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OU gymnastics: Elite athletes thrive under coach Mark Williams

Sooner coach stresses hard work, which has produced several standouts, including a big part of this year's U.S. Olympic team.
BY RJ YOUNG, Staff Writer, Published: July 7, 2012

Williams started his career at Oklahoma in 1988. Four years passed before he received his first taste of coaching elite gymnasts during the summer of 1992. OU gymnasts who wanted to make the U.S. team then stayed in Norman and were put through an intensive training system Williams came up with over the course of 14 years of coaching.

“So I actually got my first chance of working with guys kind of on my own program for the summer, which was really fun for me,” Williams said.

He coached Sooners in the 1994 and 1995 World Championships and was asked to be an assistant coach for Team USA's 1996 Olympic team. When Greg Buwick resigned in 1999, Williams was asked to lead Oklahoma men's gymnastics into the new millennium.

“I never ever thought I'd make it to that point,” he said. “I was coaching preschool kids in 1978 at a YMCA in Lincoln, Neb.”

His first order of business was to change the nature of the program. He instituted two-a-day practices during the academic year and made his team's strength training harder and conditioning last longer.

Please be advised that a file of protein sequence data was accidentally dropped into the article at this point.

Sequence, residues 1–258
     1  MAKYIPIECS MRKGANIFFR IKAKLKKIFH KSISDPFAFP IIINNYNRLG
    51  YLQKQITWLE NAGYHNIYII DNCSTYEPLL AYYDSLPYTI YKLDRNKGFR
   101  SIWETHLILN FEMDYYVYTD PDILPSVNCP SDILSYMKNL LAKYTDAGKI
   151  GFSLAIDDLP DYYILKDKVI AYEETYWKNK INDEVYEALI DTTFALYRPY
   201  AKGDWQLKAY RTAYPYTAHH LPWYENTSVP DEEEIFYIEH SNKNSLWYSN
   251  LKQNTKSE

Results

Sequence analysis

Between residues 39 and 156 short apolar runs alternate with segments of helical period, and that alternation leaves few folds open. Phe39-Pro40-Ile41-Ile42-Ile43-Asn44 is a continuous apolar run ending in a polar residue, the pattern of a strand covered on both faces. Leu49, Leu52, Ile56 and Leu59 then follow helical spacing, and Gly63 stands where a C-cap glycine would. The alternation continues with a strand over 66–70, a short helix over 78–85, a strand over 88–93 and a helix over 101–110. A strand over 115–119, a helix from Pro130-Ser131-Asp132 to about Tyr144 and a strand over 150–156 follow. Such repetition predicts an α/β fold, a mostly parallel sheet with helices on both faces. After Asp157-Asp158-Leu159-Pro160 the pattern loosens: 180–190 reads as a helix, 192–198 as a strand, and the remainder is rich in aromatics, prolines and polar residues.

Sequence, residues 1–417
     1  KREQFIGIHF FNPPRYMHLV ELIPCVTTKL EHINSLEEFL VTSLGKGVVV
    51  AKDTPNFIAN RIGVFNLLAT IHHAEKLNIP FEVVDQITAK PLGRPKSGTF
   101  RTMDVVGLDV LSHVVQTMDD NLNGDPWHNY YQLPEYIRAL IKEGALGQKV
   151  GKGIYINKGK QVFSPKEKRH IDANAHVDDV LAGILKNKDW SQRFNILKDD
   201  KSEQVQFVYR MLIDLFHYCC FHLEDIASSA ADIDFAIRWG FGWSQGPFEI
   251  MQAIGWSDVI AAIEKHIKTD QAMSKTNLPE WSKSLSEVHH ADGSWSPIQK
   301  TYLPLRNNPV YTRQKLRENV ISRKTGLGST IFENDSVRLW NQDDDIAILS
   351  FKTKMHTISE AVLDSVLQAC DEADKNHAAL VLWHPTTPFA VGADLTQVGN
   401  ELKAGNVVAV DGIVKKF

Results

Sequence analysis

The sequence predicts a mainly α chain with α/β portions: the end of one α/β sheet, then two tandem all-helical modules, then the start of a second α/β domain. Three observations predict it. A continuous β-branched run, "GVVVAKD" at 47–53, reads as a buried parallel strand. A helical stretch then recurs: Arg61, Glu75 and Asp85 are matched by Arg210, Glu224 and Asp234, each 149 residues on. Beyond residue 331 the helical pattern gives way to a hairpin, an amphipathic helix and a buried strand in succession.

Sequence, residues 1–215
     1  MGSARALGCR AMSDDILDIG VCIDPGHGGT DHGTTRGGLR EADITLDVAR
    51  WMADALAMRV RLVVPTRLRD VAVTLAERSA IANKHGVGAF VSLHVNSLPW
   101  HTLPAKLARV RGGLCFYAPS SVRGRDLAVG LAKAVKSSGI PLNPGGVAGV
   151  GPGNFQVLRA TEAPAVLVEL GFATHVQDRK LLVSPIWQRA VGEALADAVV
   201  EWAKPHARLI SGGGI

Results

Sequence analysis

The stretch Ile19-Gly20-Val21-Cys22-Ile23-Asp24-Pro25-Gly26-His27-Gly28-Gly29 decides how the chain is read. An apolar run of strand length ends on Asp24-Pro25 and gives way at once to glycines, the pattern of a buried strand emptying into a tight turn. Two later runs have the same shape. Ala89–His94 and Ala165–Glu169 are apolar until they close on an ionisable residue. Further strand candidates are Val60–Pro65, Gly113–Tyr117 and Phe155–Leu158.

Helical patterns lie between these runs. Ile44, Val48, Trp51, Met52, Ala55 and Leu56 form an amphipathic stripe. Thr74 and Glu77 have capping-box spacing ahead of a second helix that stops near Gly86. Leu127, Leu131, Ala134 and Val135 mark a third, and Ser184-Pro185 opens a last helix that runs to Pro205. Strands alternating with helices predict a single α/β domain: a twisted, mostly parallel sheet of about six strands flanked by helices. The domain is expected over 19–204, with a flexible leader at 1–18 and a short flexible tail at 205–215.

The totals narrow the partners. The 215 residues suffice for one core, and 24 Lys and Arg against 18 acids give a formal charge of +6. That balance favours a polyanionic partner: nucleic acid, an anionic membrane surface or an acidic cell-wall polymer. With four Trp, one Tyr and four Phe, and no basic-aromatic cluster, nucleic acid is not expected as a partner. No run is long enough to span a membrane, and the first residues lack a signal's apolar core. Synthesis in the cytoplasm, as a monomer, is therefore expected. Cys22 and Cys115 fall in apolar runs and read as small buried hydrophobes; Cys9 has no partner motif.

“We're in here at 6:15, 6:30 a lot of mornings,” Legendre said.

Williams' goal was to place a strong, disciplined team on the mat. He wanted to coach a team that was determined to outwork its competition.

During his first year in 2000, OU finished fourth in the NCAA team finals.

“They got pretty excited about being at NCAAs, let alone the team finals,” he said. “The year before they weren't even there.”

Paul Ziert, who coached the Sooners in the 1970s and early '80s marvels at what Williams has accomplished at OU, instilling camaraderie in his athletes long after they've left Norman.

“There's still that Oklahoma pride, that feeling of cohesiveness and caring about each other,” Ziert said. “This team has been magical that way.”

Dalton and Legendre worked out on Independence Day morning. Those are the kind of men Williams said he recruits. Those are the kind of men he's made into Olympians.

“There's no secret formula,” Williams said. “If you're going to be good, you gotta work hard.”